Column - Runestone book erases many doubtsTo this day, people who learn I worked in Alexandria for years will ask me what I think of “that Viking stone up there.” They mean, of course, the Kensington Runestone.
By: Dennis Dalman, Alexandria Echo Press
To this day, people who learn I worked in Alexandria for years will ask me what I think of “that Viking stone up there.” They mean, of course, the Kensington Runestone.
I always tell them I’m just not sure if it’s the genuine article. I’ve wavered on that for the past 30 years. I can’t count the number of books, magazine articles and scholarly papers I’ve read about the “Stone.”
But I always tell people that if it’s not the real thing, then it’s the greatest hoax of all time, along with the Shroud of Turin. It’s a great hoax because it is virtually impossible to disprove. It will go on mystifying and maddening people for centuries.
I just finished reading a new book that claims the Kensington Runestone is genuine. Written by the father-daughter team of Robert C. Johnson and Janey Westin, the book is entitled The Last Kings of Norse America: Runestone Keys to a Lost Empire. Note the clever title.
Westin and Johnson, who live in the Twin Cities, are not quacks. They are impeccable scholars with no particular axe to grind. Westin is a professional sculptor and stone carver. Johnson is a professor in the Department of Earth Sciences at the University of Minnesota. Both had been intrigued for many years by the mysterious slab of stone. In 2001, their years of mutual research began. Their book is an interesting glimpse into medieval Scandinavian history and culture as well as a technical, in-depth examination of runic inscriptions.
They are convinced, based on historical and linguistic evidence, that the stone is proof a Norse expedition reached what is now the Kensington area in 1362. The purpose of the expedition, commissioned by King Magnus, was to reactivate the fur trade. A secondary goal was to help spread Christianity.
Johnson and Westin also claim a “Spirit Stone” found in Maine in 1971 is a kind of companion stone to the Runestone - a memorial to 17 men who died when an expedition ship sank in a storm.
According to the authors, the expedition was headed by a young king, King Haakon VII of Norway, who was the son of King Magnus (king of both Norway and Sweden). The commander of the voyage was Paul Knutson, a king’s law speaker of Norway at the time.
The book’s tantalizing evidence is compelling. It explains several “mysteries” that some skeptics have found laughable. Why would a band of Norwegians travel all that distance to a land-locked area? How did they even manage to get to the interior of Minnesota? Why in the world would an expedition stop and take the time to make inscriptions on a big rock after Native Americans had just killed 10 of their men?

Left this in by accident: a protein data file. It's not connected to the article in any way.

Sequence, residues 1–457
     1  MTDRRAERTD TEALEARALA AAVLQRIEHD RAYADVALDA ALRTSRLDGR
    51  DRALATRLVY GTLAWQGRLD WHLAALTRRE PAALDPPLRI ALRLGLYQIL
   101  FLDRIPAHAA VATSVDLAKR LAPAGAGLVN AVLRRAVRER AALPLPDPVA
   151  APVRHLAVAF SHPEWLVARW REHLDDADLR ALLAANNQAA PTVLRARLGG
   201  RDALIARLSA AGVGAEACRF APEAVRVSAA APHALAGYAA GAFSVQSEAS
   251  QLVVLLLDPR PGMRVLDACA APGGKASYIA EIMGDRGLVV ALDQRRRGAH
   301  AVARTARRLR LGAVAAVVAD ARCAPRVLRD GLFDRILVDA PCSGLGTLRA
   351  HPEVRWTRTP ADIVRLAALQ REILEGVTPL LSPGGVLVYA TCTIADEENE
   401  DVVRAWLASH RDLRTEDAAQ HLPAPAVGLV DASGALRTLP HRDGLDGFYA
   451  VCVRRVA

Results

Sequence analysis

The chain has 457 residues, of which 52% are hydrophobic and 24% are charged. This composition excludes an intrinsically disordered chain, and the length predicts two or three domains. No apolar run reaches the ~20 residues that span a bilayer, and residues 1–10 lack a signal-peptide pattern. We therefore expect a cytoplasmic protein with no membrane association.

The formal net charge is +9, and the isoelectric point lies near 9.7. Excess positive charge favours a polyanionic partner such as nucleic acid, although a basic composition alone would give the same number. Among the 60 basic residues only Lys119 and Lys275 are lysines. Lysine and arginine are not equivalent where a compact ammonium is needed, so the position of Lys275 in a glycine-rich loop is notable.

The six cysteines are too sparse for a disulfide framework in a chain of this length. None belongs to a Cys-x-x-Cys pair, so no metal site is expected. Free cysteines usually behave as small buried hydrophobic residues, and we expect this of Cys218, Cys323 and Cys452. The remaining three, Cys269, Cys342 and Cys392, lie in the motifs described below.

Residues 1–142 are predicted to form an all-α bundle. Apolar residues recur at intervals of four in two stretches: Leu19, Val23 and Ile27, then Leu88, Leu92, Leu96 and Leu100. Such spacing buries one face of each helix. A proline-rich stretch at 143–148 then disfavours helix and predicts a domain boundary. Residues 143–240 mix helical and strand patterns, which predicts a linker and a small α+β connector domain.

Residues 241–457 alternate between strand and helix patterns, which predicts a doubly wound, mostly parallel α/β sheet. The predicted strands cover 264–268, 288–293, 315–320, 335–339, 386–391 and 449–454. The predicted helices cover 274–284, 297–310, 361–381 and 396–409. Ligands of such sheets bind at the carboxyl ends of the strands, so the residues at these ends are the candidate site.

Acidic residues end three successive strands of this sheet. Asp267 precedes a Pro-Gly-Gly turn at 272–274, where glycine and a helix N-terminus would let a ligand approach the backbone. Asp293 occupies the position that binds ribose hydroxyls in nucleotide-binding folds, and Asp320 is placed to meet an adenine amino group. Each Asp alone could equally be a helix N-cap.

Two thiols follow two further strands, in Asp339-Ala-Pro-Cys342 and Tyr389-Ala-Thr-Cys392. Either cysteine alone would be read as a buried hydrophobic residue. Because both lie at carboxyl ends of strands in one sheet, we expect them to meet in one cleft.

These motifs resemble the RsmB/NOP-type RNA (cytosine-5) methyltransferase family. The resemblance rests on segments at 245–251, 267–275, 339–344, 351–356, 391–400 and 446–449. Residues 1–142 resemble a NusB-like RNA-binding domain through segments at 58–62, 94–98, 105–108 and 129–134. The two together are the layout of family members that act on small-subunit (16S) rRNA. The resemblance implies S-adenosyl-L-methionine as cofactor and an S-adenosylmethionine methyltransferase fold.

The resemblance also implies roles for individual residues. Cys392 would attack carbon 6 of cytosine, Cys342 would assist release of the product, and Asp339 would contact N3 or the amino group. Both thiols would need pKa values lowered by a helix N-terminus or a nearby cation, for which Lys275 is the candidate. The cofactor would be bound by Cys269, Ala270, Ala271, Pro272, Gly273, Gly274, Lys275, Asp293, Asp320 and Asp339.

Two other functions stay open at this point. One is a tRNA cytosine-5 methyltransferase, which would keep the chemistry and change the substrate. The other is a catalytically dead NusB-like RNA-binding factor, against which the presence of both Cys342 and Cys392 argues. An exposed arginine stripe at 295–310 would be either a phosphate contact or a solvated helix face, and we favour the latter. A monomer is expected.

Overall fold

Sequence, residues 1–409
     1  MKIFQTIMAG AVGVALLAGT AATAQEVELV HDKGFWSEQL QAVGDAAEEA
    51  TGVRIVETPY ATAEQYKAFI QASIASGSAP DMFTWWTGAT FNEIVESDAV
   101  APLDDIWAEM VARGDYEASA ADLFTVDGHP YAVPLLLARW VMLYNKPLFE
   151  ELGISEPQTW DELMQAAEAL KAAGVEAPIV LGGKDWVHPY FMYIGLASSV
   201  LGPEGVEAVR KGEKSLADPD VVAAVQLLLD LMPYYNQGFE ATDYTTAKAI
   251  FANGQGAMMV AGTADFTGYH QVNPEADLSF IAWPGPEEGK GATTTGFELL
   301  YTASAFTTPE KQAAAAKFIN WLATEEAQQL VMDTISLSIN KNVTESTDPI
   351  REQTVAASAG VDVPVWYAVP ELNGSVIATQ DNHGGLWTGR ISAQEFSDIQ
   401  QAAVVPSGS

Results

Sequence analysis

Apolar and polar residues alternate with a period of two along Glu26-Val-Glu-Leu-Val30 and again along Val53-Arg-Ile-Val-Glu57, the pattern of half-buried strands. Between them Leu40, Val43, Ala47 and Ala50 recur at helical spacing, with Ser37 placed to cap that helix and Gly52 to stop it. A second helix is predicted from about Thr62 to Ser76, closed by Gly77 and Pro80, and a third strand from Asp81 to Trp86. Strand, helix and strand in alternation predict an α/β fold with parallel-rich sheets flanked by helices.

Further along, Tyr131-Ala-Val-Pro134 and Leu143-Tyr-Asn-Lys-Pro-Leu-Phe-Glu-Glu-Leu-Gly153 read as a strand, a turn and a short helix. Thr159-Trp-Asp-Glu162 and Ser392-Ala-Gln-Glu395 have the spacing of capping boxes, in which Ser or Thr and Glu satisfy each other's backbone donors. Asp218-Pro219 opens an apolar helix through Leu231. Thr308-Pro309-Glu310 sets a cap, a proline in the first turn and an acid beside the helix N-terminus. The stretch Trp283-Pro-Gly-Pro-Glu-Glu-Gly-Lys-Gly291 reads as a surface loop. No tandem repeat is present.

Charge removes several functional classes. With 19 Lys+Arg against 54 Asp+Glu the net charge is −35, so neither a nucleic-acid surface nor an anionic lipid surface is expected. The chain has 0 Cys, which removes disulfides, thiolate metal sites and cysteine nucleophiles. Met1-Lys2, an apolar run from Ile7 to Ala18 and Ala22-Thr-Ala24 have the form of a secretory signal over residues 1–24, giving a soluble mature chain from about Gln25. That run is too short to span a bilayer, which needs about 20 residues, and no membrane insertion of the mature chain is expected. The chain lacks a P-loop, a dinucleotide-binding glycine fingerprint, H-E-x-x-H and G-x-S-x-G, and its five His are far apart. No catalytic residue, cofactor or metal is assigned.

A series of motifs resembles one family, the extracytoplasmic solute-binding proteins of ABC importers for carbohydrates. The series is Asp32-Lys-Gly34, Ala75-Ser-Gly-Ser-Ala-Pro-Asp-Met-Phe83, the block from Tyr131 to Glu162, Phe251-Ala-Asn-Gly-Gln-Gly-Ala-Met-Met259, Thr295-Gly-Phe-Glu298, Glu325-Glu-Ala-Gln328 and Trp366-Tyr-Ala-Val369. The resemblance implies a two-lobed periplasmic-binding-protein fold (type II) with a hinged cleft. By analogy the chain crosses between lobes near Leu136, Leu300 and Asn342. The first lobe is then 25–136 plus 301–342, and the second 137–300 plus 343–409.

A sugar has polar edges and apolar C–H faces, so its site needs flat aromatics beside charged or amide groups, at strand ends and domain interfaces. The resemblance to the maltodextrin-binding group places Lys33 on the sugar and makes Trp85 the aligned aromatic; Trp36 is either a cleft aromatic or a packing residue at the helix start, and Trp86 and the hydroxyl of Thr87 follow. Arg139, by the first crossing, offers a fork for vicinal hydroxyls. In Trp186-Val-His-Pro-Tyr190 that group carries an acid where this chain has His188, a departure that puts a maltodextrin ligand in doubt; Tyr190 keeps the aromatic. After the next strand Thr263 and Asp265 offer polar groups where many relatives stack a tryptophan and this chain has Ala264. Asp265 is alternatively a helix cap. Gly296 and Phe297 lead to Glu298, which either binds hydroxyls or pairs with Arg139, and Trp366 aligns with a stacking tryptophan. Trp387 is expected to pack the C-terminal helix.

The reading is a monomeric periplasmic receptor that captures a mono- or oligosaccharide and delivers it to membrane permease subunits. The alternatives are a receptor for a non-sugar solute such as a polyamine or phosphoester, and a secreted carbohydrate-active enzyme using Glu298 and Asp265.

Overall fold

Westin and Johnson answer the skeptics. First of all, the Norse were the greatest of seafarers who thought nothing of traveling thousands of miles to every kind of land on missions of discovery. Their trip to this area was via Hudson Bay, down through Winnipeg and several rivers.
Such intrepid traveling is no more far-fetched than the sailings of Columbus.
Second, the Norse were known to have memorialized anything and everything with runic inscriptions. Stone runes were such a vital part of medieval Norway and Sweden that they are the “keys” that help open up our understanding of Norse culture.
The book’s authors even claim to have located the massacre site, on the northwest shore of Big Cormorant Lake in Becker County, where mooring stones were found. Here is how the massacre supposedly happened: The 29 men set up camp near the shore of the lake. The next morning, 10 of the men stayed in camp repairing gear and smoking fish caught during the previous afternoon. In the meantime, 19 other men took boats out fishing. Late that day, they returned to their camp and to an eerie silence. There, they found the 10 men “red with blood,” all dead.
I highly recommend The Last Kings of Norse America. It’s a fascinating read, and it just might convince you. After reading it, I am far less skeptical - almost a true believer.